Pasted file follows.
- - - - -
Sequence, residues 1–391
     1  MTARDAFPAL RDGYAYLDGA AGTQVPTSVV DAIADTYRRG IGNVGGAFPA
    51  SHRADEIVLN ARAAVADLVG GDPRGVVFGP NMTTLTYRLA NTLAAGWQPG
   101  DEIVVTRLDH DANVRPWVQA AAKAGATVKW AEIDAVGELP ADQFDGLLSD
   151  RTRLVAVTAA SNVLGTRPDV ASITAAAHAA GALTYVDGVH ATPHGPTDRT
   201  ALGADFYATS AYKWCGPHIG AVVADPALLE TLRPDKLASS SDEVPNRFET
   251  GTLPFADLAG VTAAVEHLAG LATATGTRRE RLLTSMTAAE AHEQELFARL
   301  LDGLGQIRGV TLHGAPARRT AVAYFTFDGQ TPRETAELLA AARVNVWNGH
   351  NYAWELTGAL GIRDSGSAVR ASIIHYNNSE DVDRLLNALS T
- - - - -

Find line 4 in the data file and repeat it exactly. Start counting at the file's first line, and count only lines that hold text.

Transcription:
   101  DEIVVTRLDH DANVRPWVQA AAKAGATVKW AEIDAVGELP ADQFDGLLSD